If you live in Botswana you’ll be well aware of the wildly varying taxi fares that are squeezed out of us on a daily basis! Countless taxi operators blatantly flout government guidelines and charge whatever they deem fit, with many charging extortionately hefty fares beyond what’s legal.
It’s worse for you if they notice you aren’t aware of the set fares, or if you’re not a local. Although most of us are aware of the fares, we simply don’t argue and continue to feed the monster, so to speak; because otherwise you won’t be going anywhere fast. So brazen are some of these taxi drivers that they’ll drop you like the proverbial hot potato if you insist on paying anything less than that what they are asking, let alone P21!
But this week the Department of Road Transport and Safety issued a letter to highlight the fares and what to do where you’re over-charged. Please see the notice below:
The Department of Road Transport and Safety would like to inform the general public that the Government gazetted transport fares of 2012 are still applicable. A shared taxi is P4.10 and special is P21.00 as per December 2012 public transport fares.
It has come to our attention that some taxi operators charge customers P40.00 special. The Department wishes to request the public to report any operator/employee of public service vehicles who fail to comply with the prescribed fares.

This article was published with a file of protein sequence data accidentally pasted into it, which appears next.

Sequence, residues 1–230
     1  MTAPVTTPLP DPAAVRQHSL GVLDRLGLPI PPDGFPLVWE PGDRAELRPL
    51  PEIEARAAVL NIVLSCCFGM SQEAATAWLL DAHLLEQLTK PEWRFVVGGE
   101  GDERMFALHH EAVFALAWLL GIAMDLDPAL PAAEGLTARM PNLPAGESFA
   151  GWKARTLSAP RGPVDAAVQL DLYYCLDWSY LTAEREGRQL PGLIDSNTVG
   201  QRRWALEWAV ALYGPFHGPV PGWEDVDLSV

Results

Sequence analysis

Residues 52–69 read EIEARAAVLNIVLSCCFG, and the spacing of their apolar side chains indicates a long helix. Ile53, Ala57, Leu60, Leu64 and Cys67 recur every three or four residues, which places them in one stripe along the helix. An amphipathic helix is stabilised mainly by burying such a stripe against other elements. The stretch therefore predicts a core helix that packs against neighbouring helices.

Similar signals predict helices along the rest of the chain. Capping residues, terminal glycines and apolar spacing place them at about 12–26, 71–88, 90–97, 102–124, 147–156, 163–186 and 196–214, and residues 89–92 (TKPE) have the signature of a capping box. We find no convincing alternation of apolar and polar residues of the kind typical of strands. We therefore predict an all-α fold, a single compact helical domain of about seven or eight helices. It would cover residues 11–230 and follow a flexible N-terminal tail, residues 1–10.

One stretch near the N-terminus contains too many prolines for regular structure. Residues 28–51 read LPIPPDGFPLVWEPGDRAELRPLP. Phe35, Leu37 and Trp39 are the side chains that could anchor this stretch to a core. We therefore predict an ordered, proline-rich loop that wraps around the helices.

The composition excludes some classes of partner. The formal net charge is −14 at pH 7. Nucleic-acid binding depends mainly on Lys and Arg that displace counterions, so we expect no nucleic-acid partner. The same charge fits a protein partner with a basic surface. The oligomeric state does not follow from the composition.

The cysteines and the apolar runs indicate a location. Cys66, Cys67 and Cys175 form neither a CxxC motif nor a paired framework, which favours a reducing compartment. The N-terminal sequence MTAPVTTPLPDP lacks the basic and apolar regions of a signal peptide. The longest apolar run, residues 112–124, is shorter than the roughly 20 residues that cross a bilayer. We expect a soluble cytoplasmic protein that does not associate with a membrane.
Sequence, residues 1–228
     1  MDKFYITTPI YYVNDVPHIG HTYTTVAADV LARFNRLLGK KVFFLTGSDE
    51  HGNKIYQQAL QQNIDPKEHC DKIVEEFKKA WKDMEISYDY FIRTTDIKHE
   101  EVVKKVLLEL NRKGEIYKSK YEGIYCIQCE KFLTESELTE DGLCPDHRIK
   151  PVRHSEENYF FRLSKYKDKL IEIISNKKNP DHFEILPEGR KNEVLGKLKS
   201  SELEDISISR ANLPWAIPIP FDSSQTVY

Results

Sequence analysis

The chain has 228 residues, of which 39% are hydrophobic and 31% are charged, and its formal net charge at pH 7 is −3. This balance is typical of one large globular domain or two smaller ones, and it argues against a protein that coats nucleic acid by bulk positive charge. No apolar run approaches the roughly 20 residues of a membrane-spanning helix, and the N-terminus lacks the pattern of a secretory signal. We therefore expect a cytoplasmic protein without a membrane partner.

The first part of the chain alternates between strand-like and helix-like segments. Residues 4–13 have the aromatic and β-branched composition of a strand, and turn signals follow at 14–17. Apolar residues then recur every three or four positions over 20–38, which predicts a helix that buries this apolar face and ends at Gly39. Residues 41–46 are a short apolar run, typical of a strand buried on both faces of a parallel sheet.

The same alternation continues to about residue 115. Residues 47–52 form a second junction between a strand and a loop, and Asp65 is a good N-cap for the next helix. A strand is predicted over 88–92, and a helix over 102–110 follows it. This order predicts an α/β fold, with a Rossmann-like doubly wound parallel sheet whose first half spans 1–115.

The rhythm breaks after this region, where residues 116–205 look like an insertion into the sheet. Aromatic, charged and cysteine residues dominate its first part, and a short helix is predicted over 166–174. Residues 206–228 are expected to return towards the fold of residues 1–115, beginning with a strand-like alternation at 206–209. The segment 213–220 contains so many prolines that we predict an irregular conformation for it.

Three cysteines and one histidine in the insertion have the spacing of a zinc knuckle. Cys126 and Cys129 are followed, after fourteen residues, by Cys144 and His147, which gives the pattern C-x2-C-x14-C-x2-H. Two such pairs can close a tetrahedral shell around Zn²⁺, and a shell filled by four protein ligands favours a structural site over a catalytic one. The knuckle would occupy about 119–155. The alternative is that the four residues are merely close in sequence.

For more or any information please contact Public Relations Office on 3688600.
As commendable as this is, I still think the department could do much more to stop taxi operators exploiting people. For instance, they could conduct regular but random ‘mystery shop’ operations, to see what exactly people are faced with. Additionally, I feel they could make these fares a lot more visible. They could put up bold, larger than life billboards at the bus rank and station, publishing the fares. That way nobody would be left in any doubt as to the exact fares, like it is currently the case.
It’s all very well saying people should report ‘offenders’ to the relevant authorities; because it’s not as easy as they make it sound. Some people, including me, have neither the bottle nor the heart to do so. Silly, but true.
What’s your take on this situation? Do you think the Department of Road Transport and Safety could do more to control taxi fares? What would you like to see done to curb the existent situation? Please share your views with YourBotswana.
Picture credit: “Taxi” By Petar Milošević / Newspaper article: Daily News / Station Taxis by Motlalepula Chika